Explaining Complex (Economic) Ideas in a Simple Way

The current financial / credit crisis in the U.S. exposes an ongoing societal need: people who can understand complex ideas and then translate them for consumption by the quasi-informed and curious but non-expert segment of the population.

Malcolm Gladwell, for example, has made a living out of reading hard-to-understand psychology papers and writing about them to the lay audience. Michael Pollan is the Gladwell of food science. Pollan’s books on agriculture, farming, and eating have been bestsellers. He once boiled down all nutrition advice thusly: “Eat food. Not too much. Mostly plants.” Simple but right.

Who’s the Malcolm Gladwell of finance? Who is translating the macro-economic gibberish into concepts the average person can understand, without offending economists?

As anyone who reads Brad DeLong knows, the economic literacy of the average journalist is not very high. There’s a big difference between “simple but right” and “simple but wrong.” Ben Stein, in the New York Times, is often simple, often wrong. Jim Cramer, often simple, often wrong.

On the contrary, James Fallows on China and the deficit, David Leonhardt on how even experts are confused about what’s going on in the markets, or James Surowiecki on real estate and foreclosures, are all examples of solid explanations that are simple and clear. Michael Lewis is also a reliably thoughtful lay-person’s explainer on business issues.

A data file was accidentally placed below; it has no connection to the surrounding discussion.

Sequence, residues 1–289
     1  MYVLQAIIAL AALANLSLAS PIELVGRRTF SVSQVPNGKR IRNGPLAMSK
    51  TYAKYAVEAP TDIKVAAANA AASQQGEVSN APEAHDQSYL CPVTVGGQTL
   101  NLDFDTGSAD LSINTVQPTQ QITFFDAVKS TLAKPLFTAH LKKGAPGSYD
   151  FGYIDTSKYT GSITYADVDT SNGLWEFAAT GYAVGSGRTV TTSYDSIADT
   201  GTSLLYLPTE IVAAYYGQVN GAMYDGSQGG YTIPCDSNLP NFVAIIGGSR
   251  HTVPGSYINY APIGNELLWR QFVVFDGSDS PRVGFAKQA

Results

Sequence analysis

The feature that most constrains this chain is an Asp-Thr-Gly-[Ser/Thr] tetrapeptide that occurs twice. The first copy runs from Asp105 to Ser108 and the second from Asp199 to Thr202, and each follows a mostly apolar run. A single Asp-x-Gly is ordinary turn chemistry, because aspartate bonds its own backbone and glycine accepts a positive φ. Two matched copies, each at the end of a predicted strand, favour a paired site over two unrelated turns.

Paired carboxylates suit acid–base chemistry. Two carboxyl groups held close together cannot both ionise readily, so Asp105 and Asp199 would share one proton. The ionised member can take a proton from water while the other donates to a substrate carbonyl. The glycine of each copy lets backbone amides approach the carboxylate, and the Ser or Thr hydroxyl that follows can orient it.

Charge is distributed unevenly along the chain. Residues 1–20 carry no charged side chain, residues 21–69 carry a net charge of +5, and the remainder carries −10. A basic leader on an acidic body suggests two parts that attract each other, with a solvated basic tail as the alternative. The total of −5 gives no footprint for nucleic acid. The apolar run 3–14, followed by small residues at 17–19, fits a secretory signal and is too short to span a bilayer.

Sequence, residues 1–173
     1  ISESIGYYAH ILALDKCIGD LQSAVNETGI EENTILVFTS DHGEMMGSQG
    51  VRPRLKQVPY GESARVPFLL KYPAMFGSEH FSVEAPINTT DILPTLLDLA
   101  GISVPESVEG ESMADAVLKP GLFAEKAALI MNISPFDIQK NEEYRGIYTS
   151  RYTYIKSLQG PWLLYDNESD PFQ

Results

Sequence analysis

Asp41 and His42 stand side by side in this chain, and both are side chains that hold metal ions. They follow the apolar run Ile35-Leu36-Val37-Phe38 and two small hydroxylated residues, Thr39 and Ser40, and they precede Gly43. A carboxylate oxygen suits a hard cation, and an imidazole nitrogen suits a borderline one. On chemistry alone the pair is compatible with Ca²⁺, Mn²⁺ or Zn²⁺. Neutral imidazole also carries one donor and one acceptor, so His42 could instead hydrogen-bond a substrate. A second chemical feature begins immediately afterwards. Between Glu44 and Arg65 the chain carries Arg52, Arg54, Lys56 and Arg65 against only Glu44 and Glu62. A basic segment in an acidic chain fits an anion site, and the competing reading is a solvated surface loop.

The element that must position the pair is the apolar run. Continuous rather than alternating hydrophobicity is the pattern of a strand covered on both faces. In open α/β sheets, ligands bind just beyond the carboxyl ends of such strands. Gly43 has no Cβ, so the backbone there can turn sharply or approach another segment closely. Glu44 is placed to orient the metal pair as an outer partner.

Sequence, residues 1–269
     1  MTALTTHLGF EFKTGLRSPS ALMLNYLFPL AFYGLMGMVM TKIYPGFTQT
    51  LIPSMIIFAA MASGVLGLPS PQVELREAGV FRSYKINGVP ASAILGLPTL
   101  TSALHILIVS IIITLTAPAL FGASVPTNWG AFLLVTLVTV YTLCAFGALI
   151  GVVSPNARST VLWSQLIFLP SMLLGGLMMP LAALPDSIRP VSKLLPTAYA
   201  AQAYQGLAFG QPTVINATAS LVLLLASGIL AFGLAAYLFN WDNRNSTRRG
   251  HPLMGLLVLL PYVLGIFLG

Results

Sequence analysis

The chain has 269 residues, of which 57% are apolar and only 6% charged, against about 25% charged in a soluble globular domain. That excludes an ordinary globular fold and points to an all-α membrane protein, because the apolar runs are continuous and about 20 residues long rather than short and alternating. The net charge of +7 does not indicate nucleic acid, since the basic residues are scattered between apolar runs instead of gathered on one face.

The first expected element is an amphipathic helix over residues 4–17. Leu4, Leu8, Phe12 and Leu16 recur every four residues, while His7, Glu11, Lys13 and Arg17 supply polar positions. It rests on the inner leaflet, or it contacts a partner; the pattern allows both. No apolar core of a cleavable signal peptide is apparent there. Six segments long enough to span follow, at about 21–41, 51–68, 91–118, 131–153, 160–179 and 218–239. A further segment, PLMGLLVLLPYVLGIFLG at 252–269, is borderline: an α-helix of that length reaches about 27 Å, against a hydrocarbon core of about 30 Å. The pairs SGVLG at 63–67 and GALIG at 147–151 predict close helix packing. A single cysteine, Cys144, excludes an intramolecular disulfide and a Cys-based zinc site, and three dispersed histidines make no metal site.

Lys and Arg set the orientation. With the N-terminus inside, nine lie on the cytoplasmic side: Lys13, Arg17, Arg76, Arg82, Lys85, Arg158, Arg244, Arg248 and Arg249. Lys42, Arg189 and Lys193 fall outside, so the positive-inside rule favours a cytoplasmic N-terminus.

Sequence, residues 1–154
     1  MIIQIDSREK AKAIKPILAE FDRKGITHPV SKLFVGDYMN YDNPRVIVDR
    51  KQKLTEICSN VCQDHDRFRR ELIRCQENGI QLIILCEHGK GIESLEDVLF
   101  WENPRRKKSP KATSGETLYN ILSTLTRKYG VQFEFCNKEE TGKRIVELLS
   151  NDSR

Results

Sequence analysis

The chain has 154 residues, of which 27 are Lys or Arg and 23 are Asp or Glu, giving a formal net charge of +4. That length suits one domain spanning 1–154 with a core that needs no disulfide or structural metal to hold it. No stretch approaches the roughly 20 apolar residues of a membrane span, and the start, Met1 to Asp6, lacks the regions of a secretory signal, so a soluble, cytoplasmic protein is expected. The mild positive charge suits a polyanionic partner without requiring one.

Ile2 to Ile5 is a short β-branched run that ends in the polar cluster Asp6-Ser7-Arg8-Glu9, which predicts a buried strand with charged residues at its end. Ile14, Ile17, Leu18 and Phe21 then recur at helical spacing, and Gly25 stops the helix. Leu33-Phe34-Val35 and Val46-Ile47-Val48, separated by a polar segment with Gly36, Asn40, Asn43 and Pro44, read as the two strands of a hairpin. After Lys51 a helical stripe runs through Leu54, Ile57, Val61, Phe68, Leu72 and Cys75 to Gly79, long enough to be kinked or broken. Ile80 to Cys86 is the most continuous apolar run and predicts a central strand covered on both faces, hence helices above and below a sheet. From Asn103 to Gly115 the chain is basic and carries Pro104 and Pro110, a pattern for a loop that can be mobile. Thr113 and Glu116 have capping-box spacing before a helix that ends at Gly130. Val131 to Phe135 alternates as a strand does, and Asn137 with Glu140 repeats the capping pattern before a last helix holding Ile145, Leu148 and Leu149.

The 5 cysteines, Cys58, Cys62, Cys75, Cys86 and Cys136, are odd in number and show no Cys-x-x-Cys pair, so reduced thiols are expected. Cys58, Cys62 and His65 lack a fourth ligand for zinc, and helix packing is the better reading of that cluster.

I read lots of economics blogs, and blogs are good for in-the-moment analysis, but they rarely can afford to step back and offer a higher level overview. Also, professional economists, by virtue of being professional economists, can struggle to translate economic jargon.

In an old post of mine titled When to Think Hard, When to Outsource, I talked about how I rely heavily on certain people’s insight for certain types of issues (in effect “outsourcing” some parts of the critical thinking process to them). To wit, I’m trying to construct my “dream team” of people who are following the macro-econ scene, following the credit markets and mortgage situation, and conveying their thoughts in sound, simple prose.

Any ideas for who should be in the starting lineup?

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